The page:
Reuters blog archive
As the sun sets over a serene stretch of the mighty Ganges, a pair of smooth, grey dolphins arch gracefully out of the water, bringing hope that wildlife can again call India's great river home. (Photo: Ganges sunset in Allahabad, 31 Dec 2008/Jitendra Prakash)
Millions of Indians along the banks of the 2,500 km (1,550 mile)-long Ganges depend on the river, but unchecked levels of agricultural, industrial and domestic waste have poured in over the past decades, threatening the wildlife.
In Karnabas, a small village just upstream from Narora, a local drama troupe performs for more than 150 villagers. "Humans are polluting our river!" an actor playing a Hindu god declared. "The life of our Mother Ganga is endangered! Please do something!"
Along a northern stretch of the holy river, a Worldwide Fund for Nature (WWF) project is leveraging the religious importance of the Ganges for Hindus to teach villagers the virtues of conservation and protection of its sacred water. The upper stretch of the Ganges, from Rishikesh in the foothills of the Himalayas to Ram Ghat in the central state of Madhya Pradesh, holds great religious significance for Hindus.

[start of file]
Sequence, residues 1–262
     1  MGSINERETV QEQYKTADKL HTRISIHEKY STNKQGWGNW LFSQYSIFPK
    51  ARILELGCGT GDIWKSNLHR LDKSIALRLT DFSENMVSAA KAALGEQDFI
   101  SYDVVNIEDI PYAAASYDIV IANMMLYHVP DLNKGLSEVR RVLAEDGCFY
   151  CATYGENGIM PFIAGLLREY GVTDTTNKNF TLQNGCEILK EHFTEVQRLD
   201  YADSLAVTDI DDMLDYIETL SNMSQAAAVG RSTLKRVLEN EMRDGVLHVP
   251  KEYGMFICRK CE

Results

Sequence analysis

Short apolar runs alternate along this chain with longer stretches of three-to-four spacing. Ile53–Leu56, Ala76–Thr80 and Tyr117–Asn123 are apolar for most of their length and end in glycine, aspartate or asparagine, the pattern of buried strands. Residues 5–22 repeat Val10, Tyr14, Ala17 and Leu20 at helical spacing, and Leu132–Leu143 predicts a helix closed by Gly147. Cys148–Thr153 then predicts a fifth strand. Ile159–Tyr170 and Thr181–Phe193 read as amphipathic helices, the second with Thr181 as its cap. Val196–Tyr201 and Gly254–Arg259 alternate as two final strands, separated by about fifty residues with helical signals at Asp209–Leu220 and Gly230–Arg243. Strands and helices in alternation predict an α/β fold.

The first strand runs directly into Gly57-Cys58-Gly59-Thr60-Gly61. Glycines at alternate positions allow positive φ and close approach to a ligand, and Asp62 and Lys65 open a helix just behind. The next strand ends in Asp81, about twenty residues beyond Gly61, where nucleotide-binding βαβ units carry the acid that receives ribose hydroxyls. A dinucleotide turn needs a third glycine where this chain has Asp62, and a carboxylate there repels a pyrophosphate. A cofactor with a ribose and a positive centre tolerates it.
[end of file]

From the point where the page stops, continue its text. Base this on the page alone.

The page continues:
Whales and dolphins should get "human rights" to life and liberty because of mounting evidence of their intelligence, a group of conservationists and experts in philosophy, law and ethics said on Sunday.
from Environment Forum:
Some conservationists and experts on philosophy and ethics reckon that whales and dolphins are so intelligent that they should be given rights to life like humans. That could mean extra pressure on whalers in Japan, Norway and Iceland to end their hunts.
The focus on rights is a shift after conservationists successfully won a ban on almost all whale hunts from 1986, arguing that they had been harpooned close to extinction.